Chertoff: RFPs for border security technology coming

The Homeland Security Department plans to solicit proposals soon for technology to be fielded along the U.S. border with Canada and Mexico as part of the Secure Border Initiative (SBI), according to Homeland Security secretary Michael Chertoff.

The initiative includes a range of measures, such as deploying the additional Border Patrol agents funded by Congress, providing more detention beds for illegal entrants and ending the "catch-and-release" policy under which illegal border crossers have been apprehended, released and assigned adjudication dates that they routinely violate.

President Bush also has revived his proposal for a temporary worker program?which Congress has yet to approve?and DHS has forged agreements with several countries allowing the speedy return of citizens known as "other than Mexican," or OTM in Border Patrol parlance.

Chertoff fleshed out the details of the SBI at a press conference at the headquarters of DHS' Customs and Border Protection agency in downtown Washington.

The SBI's technology phase will be a retooling of the America's Shield Initiative, a previous plan to upgrade border technology that DHS officials found technically inadequate.

"We have a program [for border technology], and RFPs for an integrated package that will include integration of sensors, cameras and possibly satellite images [will be issued]," Chertoff said. "This is the next generation of sensors," he added. "We do expect in short order to be soliciting proposals."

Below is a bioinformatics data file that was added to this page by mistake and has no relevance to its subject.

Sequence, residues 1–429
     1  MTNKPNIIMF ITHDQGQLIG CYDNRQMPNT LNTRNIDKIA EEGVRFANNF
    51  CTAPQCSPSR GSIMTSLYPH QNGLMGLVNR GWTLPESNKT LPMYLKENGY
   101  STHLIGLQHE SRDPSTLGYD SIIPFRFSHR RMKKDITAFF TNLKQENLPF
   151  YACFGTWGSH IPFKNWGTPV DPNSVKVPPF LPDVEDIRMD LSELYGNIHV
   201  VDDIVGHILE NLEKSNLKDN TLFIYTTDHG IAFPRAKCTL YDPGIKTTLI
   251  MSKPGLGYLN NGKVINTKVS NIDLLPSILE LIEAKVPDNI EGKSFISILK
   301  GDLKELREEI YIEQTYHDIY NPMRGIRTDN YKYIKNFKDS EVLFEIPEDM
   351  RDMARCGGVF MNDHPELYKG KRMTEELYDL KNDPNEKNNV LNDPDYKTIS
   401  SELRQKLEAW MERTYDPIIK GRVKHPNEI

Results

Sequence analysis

Part of the plan includes deployment of unmanned aerial vehicles (UAVs) to help Border Patrol agents detect and apprehend illegal crossers, officials said. The patrol's experiments with UAVs over the past two years along parts of the Southern border have been successful, they said.

Chertoff emphasized that DHS still needs "boots on the ground" as well as the other phases of SBI to gain control of the borders, but that technology would be part of the mix. The department has created a program office to oversee SBI's technology phase, he added.

An additional technology phase of SBI will be the improvement of methods for employers to check the eligibility of prospective workers for employment, Chertoff said. He acknowledged that employers currently have been stymied by federal responses to inquiries about employment eligibility.

Chertoff noted in response to a question that the technology phase would not include building a fence along the entire border because that would be extremely expensive and useless. But he did say that fences have proved their effectiveness along urban border areas.

Wilson P. Dizard III is a senior writer for Washington Technology's sister publication, Government Computer News.

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